In all chaos there is a cosmos in all disorder a secret order

The Cosmos

There is an order to the universe. It is a hidden order, not apparent at first glance. But if you look closely enough, you will see it. It is the order of the cosmos.

The Universe

The universe is all of space and time and their contents, including planets, stars, galaxies, and all other forms of matter and energy. While the spatial size of the entire universe remains unknown, it is possible to measure the size of the observable universe, which is currently estimated to be about 93 billion light-years in diameter. In various multiverse hypotheses, a universe is one of a possibly infinite number of sub-universes.


Galaxies are massive and far-flung collections of stars, gas, and dust. They come in many shapes and sizes. Our Milky Way galaxy is just one of billions of galaxies in the observable universe.

There are three main types of galaxies: elliptical, spiral, and irregular. They are named for their shapes.

Elliptical Galaxies: These galaxies are shaped like a ball or an ellipse. They have very little dust and gas, so they don’t have many new stars. Most of the stars you see in an elliptical galaxy are old stars that are slowly fading away. The Milky Way is a spiral galaxy.

Spiral Galaxies: These galaxies look like a spinning pinwheel. They have a lot of dust and gas, so they have lots of new stars being born all the time. The two ends of a spiral galaxy (where the arms start or end) are called the “bulge” and the “disk.”

Irregular Galaxies: These galaxies don’t have a regular shape, but most of them look sort of like blobs or lines. Some irregular galaxies used to be spiral galaxies, but something happened to them (maybe they collided with another galaxy) and they lost their shape.


The ancients saw the stars as flickering points of light in the ethereal sphere that rotated around the earth each day. Greek astronomers believed that the stars were embedded in a crystal sphere and moved with it. The geocentric, or earth-centered, model of the universe held sway for more than 2,000 years until Copernicus proposed a heliocentric model in which the planets rotated around the Sun.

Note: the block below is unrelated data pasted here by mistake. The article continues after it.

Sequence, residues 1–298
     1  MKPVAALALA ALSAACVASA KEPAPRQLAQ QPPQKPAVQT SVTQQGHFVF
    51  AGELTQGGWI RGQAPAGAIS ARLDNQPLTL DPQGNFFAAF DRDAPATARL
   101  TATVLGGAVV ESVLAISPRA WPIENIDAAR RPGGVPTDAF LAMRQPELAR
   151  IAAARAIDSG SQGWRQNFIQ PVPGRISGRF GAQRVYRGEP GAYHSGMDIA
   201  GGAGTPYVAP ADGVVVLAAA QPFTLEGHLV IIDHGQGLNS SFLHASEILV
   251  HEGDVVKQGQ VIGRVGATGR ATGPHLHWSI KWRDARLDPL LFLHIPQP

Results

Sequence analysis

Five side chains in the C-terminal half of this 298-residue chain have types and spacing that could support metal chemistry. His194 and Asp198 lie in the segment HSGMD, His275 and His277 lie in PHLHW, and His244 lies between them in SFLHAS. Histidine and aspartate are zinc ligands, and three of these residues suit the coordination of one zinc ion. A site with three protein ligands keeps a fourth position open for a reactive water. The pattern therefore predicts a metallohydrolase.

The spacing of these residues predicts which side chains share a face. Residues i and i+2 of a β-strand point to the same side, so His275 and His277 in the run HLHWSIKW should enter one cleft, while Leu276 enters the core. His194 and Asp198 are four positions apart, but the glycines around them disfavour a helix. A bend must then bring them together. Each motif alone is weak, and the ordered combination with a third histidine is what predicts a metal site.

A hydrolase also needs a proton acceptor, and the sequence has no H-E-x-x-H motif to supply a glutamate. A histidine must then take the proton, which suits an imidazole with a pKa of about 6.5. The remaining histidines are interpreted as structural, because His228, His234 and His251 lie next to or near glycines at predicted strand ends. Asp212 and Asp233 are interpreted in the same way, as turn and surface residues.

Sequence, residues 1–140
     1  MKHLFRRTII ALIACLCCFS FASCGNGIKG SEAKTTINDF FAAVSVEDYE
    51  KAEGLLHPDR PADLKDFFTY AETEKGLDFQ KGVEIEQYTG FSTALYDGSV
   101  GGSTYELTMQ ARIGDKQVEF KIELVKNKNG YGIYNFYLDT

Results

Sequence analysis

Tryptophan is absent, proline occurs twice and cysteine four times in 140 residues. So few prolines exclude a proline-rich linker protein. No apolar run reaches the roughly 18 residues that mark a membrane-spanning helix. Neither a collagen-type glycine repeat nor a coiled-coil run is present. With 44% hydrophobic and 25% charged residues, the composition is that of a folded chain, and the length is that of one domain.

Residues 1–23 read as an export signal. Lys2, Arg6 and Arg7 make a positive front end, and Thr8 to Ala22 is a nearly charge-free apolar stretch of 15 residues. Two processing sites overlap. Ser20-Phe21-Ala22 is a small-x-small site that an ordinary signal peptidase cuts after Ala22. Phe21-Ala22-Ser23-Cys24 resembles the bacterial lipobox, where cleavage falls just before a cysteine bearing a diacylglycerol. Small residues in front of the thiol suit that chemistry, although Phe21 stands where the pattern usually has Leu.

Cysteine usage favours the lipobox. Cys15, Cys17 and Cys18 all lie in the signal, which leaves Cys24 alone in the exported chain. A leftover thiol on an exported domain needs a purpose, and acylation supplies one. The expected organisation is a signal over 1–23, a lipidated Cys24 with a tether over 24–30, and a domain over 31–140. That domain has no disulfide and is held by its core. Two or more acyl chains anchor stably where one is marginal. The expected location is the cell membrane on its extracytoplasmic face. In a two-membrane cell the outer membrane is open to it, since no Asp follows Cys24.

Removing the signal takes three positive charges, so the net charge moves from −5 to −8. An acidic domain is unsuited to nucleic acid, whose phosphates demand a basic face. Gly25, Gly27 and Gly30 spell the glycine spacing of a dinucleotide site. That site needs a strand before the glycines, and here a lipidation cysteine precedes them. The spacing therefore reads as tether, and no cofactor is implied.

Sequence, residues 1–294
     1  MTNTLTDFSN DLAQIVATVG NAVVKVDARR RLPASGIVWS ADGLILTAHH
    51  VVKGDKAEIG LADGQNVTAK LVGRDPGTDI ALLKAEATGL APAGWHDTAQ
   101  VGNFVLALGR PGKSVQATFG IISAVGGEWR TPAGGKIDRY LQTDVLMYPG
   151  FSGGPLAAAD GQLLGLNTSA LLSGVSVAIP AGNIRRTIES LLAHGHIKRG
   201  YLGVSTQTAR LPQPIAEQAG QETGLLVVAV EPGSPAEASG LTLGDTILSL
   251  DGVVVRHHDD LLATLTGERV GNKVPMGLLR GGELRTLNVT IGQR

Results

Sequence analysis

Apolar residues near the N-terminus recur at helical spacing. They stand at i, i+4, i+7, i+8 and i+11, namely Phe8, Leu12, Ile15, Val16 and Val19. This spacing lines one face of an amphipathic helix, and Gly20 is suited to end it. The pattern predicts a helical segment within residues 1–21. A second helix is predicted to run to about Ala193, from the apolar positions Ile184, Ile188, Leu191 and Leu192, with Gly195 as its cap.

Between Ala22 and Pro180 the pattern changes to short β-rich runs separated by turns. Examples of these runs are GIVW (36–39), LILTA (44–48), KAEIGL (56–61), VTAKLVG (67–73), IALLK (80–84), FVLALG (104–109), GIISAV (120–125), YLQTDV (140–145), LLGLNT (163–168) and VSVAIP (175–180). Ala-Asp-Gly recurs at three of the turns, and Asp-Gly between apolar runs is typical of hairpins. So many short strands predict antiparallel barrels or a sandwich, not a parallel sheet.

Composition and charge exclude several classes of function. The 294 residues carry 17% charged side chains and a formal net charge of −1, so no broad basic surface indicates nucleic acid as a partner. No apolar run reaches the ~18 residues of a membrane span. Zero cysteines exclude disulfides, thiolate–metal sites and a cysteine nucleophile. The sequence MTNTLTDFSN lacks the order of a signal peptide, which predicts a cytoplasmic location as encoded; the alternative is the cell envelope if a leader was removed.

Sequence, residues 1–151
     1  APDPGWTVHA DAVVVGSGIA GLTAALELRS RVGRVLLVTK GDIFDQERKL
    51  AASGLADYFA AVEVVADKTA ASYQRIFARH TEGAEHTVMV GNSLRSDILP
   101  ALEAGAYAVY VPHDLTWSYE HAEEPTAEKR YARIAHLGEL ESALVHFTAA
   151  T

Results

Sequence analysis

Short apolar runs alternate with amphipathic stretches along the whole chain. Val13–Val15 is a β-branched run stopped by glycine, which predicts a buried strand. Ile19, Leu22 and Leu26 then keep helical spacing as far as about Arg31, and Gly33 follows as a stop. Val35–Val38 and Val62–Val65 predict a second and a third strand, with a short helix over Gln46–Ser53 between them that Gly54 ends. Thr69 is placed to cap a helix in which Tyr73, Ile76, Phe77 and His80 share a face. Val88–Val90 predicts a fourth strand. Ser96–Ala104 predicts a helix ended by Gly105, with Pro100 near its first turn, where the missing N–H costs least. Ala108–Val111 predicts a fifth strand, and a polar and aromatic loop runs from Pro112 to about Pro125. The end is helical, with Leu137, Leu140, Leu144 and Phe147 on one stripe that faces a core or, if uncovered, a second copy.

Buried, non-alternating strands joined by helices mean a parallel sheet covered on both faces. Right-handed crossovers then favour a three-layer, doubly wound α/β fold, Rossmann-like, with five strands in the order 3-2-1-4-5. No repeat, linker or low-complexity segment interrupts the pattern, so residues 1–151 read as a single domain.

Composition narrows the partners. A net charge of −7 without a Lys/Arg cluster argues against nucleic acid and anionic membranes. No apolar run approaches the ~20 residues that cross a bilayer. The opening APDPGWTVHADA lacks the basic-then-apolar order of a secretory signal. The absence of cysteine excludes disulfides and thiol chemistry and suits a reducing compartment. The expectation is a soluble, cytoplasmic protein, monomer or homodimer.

The Order

In every aspect of life, there is an underlying order. This is seen in the patterns of seasons, the way animals migrate, and the behavior of cells. Even though there may be disorder on the surface, there is always an order to be found if we look deep enough.

The Solar System

The Solar System is the gravitationally bound system consisting of the Sun and the objects that orbit it, either directly or indirectly.[1][2] Of the objects that orbit the Sun directly, the largest eight are the planets, with the remainder being significantly smaller objects, such as dwarf planets and small Solar System bodies. Of the objects that orbit indirectly—the moons—two are larger than the smallest planet, Mercury.[3][b]

The Solar System formed 4.6 billion years ago from the gravitational collapse of a giant interstellar molecular cloud. The vast majority of the system’s mass is in the Sun, with most of the remaining mass contained in Jupiter. The four smaller inner planets, Mercury, Venus, Earth and Mars, are terrestrial planets, being primarily composed of rock and metal. The four outer planets are giant planets, being substantially more massive than terrestrial planets. The two largest giant planets—Jupiter and Saturn—are gas giants, being composed mainly of hydrogen and helium; Uranus and Neptune are ice giants, being composed mostly of substances with relatively high melting points compared to hydrogen and helium, called volatiles (such as water, ammonia and methane).[4][5] All eight planets have almost circular orbits that lie within a nearly flat disc called the ecliptic.[c]

As all orbit within this plane generally perpendicular to Earth’s Equator,[6] all currently known Solar System objects revolve about an ecliptic pole at one of Earth’s poles.[7][8] As viewed from Earth’s northern hemisphere (or any other vantage point not on or very near the ecliptic),5the solar system appears to rotate counterclockwise around its ecliptic pole. This apparent motion is caused by a combination of three real motions:
-The motionless rotation of Earth about its daily axis; -The counterclockwise (or direct) orbital motion of each planet around Earth; -The west-to-eastdrift (“wobble”) in Earth’s own axial precession (wobble period: 26 millennia).[9][10][11]

The Earth

The Earth is the only planet known to support life. It is a beautiful place with many different ecosystems that are home to a variety of plants and animals. The oceans, land, and atmosphere all work together to create the conditions that make life on Earth possible.


Life can be full of chaos and disorder, but there is always an underlying order. No matter how dark and difficult things might seem, there is always a light of hope to guide you through. Thissecret order is what gives life its meaning and purpose.

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